Do you remember when we used to find out about new album release by means of a classic, and yes, sometimes predictable, album launch? Something along these lines…
Well, you may not have realised, but the world has changed. It’s not just technological progress or the move from printed press and our old pal the TV to so-called new media, but the increasingly pressing need to surprise.
And it is not only emerging artists elbowing each other out of the way and inventing new appealing formulas in order to stand out from the competition. In fact, that sort of logic – “what can I invent to show I have some new music?” – makes a lot of sense for them.
Yet recently we have witnessed an impressive amount of teaser mania from the big players too.
What really struck us was how two such different artists could have put together two strategies that in some aspects are very similar. We are talking about the communication strategy adopted by Radiohead and Beyoncé.
It was late April when Beyoncé used social media to release a mysterious teaser to the world, pre-announcing an equally mysterious event. It was a dreamy, slightly distressing video, where the sounds were overlaid with a constant mood of suspense.
Rumours ranged from a new album to a clothing line, but one thing we were all certain of – this was a “world premiere event”.
Beyoncé wanted to make sure people were talking about her even before the product was out and, obviously, she succeeded. So, while on the one hand we have a video teaser on social media, on the other we have a teaser manoeuvre that is even more complex and, perhaps, pretentious.
We mean “How To Disappear Completely” implemented by our Oxford boys of course. On the first of May, Radiohead completely disappeared from the internet.
It was an unannounced erasure, all traces of tweets, posts and any other signs of a social life were just blank.
But already by the next day a little bird had awoken fans with a clue, a preview, a teaser of what we now know is “Burn The Witch”.
I Radiohead non sono nuovi a modalità alternative per il lancio e la vendita dei loro album.
Rimane una case history la strategia pay what you want che adottarono nel 2007 per l’album “In Rainbows“. Reindirizzarono fan e visitatori del sito ufficiale a una nuova piattaforma creata per ricevere prenotazioni per l’album. Oltre al formato fisico, con il sistema “paga quello che vuoi” i Radiohead misero a disposizione degli utenti il download digitale di tutte le tracce in formato MP3.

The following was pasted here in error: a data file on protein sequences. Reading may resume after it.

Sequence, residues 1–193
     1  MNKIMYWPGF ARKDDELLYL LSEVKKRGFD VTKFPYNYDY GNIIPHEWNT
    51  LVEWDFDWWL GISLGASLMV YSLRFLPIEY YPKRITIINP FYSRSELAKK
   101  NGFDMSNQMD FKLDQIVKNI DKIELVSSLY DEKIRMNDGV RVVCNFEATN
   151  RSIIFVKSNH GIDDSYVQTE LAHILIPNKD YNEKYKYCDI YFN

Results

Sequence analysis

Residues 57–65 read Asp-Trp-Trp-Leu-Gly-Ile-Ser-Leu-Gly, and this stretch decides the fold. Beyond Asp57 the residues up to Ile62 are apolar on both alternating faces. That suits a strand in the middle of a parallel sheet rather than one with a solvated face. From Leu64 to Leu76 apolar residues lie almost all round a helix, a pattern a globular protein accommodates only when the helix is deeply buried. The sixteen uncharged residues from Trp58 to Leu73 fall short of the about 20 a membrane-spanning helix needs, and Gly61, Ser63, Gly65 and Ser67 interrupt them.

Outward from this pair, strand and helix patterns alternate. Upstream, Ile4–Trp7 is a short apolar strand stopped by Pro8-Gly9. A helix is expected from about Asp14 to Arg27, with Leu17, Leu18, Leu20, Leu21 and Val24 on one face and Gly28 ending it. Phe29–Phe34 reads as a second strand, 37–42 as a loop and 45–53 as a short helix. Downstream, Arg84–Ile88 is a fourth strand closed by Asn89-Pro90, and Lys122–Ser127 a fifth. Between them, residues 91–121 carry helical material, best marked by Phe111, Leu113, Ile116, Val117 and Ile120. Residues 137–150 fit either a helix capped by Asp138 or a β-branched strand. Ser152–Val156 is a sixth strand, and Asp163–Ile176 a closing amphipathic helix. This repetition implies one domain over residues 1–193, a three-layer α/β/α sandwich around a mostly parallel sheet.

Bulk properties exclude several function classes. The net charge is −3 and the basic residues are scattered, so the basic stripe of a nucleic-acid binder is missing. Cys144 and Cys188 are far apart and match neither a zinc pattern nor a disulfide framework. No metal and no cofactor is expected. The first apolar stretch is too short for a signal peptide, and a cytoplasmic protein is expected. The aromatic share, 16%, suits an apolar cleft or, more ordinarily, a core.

Il successo fu enorme sia per la musica liquida sia per il formato fisico. Insomma, sappiamo che Thom Yorke e soci sono degli sperimentatori, non solo musicalmente parlando. Questa volta hanno portato il silenzio per far sentire ancora più forte il cinguettio del loro indizio.
Dall’altra parte abbiamo Beyoncé che ha puntato tutto sul suono, profondo, vibrante, inquietante per far risuonare il suo appuntamento planetario.
In entrambi i casi è ancora in atto il confronto tra sostenitori e osteggiatori del prodotto musicale tout court, ma quello che ci domandiamo è se la creazione di questa enorme suspense non abbia potuto influire sul generare aspettative esagerate.
Radiohead are no newcomers to alternative methods for launching and selling albums. Their 2007 pay what you want strategy for the “In Rainbows” album remains a case history. They redirected fans and visitors from the official site to a new platform created to receive pre-orders for the album.
In addition to the physical format, Radiohead used the pay what you want system to offer users the digital download of all the tracks in MP3.
Both the digital music and the physical format were a huge success. In short, we know Thom Yorke and friends like to experiment and not only musically speaking.
This time they used silence to increase the hype around their launch. Then we have Beyoncé who bet everything on a deep, vibrant and disturbing sound to make her global launch a big deal.
In both cases, the debate between fans and the haters still rages on, but what we wonder is whether the creating of this huge suspense might not have generated exaggerated expectations.